Hockey is back, and the play-in round is rattling off games all day, every day. It can be difficult to keep up, so during these playoffs we’re going to attempt a bit of an analytical round up of interesting trends and how they may impact certain matchups.
WHY COLUMBUS WON GAME 1
Speaking of certain matchups, I recently wrote about how differently the Blue Jackets play with Seth Jones in the lineup, and why those changes could spell significant trouble for the Maple Leafs, so how did things play out in Game 1?
The Blue Jackets were able to create lots of offence off the forecheck, tying the highest mark of any team in a single game in this short post-season with five chances. But the Maple Leafs were able to counter with strong forechecking of their own and rattled off four of them. Forechecking wasn’t the difference in Game 1, defence was.
The Blue Jackets held the Maple Leafs to 18 shot attempts from the slot in all situations, a far cry from their regular season average of 26.1. The Blue Jackets smothered the Leafs’ offence and forced them into a game along the boards. The Leafs were still able to use their elite playmaking to connect on a ridiculous number of slot passes in Columbus’ zone, but they couldn’t convert them into shots because they were being checked so closely.
In fact, while the Blue Jackets were able to generate eight scoring chances on net with no Maple Leafs player pressuring the shooter within six feet, the Leafs created just a single shot in that setting — the Auston Matthews one-timer the broadcast pointed out when highlighting him leaving the offensive zone to shake checks and find open spots on the ice.
That shot by Matthews was a superb chance and most times it would end up in the back of the net, but it was the only truly excellent chance the Leafs were able to put on net all night. They’re going to have to find a way to play their own game more to win this series.
One good sign for the Leafs is that for all the pressure the Blue Jackets created, they didn’t beat Frederik Andersen once from the slot. The one goal they did score he likely should have had — a hard shot from just outside the slot — and his one mistake ended up overshadowing a very strong showing.
FLAMES’ BIG EDGE IN GAME 1 WAS ABSENT IN GAME 2
The injury to Mark Scheifele casts a dark cloud on this series right away, and the fact is without him the Jets don’t have a lot of depth at centre. Scheifele is the lynchpin of the Jets’ offence, and without him in the lineup they’re in deep trouble if the Flames keep playing the solid defence we saw in Game 1.
You could be forgiven for seeing that the shot attempt count was 56-50 in Calgary’s favour and think Game 1 was closer than it looked. Heck, you could see that the scoring chances were just 21-19 for Calgary, so the Jets seemed to be very much right there with them.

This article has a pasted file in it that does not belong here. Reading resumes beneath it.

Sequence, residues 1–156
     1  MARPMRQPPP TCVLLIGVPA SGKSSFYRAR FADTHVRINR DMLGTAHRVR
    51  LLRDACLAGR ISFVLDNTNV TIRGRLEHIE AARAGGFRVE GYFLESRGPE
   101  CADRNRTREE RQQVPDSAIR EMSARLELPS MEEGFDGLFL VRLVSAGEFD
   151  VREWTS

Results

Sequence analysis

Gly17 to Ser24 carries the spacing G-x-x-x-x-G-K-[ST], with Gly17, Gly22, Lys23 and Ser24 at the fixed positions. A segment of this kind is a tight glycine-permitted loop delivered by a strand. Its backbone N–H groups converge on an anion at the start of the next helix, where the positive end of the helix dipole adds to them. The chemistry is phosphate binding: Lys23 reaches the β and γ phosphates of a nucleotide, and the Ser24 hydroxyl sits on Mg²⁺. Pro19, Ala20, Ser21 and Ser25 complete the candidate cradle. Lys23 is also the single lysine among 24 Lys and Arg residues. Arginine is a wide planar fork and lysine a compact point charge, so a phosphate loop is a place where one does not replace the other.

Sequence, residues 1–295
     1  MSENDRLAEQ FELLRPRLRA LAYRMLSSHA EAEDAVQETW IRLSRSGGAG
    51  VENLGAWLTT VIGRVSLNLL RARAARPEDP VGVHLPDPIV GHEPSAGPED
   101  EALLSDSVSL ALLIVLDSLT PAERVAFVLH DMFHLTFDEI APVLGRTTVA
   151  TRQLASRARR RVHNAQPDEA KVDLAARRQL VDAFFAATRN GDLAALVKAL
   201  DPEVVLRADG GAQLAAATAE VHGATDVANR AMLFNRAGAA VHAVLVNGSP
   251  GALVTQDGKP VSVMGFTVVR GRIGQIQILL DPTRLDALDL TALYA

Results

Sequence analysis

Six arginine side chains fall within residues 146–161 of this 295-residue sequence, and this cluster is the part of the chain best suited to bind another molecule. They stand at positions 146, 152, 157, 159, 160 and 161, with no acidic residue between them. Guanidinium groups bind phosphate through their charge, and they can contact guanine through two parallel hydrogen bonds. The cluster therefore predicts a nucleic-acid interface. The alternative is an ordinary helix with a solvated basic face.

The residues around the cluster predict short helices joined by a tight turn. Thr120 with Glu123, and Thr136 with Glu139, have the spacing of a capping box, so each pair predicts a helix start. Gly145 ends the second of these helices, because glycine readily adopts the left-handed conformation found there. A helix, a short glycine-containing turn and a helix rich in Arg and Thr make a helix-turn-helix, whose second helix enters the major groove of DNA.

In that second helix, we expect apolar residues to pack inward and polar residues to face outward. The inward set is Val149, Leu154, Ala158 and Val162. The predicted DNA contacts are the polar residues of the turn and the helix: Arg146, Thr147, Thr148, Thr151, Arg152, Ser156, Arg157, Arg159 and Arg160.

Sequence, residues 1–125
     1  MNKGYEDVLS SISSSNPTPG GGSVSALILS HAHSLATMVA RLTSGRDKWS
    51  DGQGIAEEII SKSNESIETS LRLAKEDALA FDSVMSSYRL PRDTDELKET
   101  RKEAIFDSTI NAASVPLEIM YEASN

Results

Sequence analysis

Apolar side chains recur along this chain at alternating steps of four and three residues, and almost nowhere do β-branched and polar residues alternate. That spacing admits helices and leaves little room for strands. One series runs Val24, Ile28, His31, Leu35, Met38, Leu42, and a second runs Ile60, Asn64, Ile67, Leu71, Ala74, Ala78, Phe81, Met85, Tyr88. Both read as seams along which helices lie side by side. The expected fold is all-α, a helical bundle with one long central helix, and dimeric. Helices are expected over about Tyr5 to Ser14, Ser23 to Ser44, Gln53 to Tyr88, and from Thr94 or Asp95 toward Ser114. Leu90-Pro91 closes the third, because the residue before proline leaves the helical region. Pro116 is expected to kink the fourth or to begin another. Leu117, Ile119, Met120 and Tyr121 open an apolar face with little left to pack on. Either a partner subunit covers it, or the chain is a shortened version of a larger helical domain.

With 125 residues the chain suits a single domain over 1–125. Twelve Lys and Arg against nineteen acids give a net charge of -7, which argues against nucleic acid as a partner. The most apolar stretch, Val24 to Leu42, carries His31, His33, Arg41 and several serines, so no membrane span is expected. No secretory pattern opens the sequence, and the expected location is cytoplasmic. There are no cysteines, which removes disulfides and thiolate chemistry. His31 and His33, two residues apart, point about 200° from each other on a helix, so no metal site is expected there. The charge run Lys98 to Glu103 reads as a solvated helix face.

Except when you look at slot shots that actually hit the net, the Flames dominated 15-5 in all situations, making it one of the Jets’ worst offensive performances of the season.
The initial burst of emotion that resulted in Andrew Copp’s goal was followed up by two good chances by Patrik Laine and Nikolaj Ehlers, but their next scoring chance on net came nearly 17 minutes later off the stick of Matthieu Perreault — and that was the last shot from the slot the Jets recorded.
The Jets evened the series up in Game 2 by coming close to evening up the slot shots on net, which were still 12-11 in favour of Calgary. That allowed Connor Hellebuyck to be a difference maker, and in a big change from Game 1, the Jets dominated the inner slot with five shots on net to Calgary’s one.
Keeping things just even could be enough to swing things in Winnipeg’s favour.
PENGUINS RUSHED SHOTS IN GAME 1
Not to take anything away from Carey Price, who was excellent all through Game 1 and likely decided the fate in the first period when he stopped the surging Penguins from striking, but Pittsburgh looked like a team that was too desperate to score first.
In Game 1, the Penguins totalled 40 shot attempts from the slot, and 105 shot attempts overall — both high marks for any team in the playoffs so far. Relentless pressure by the Penguins had the Canadiens running around and taking bad penalties, but they didn’t take advantage of the space created, missing the net on 15 of their 40 shot attempts from the slot, and recording 33 misses overall.
Full credit to the Canadiens for blocking nine Penguins shot attempts from the slot in Game 1, and 29 shots overall, but only the Jets had fewer of their attempted shots make it through to the net than the Penguins did.
In Game 2, the Penguins got out of their own heads a bit and played what looked like a less dominant offensive game on the surface. The only managed 28 total shot attempts from the slot, but instead of missing on 15 of those shots and seeing another nine blocked, they only missed five times and put 20 on net.
The result was relatively similar with Price somehow being even stronger in Game 2, but the Canadiens didn’t manage to get the luck in their own infrequent shooting this time around, and the Penguins tied the series.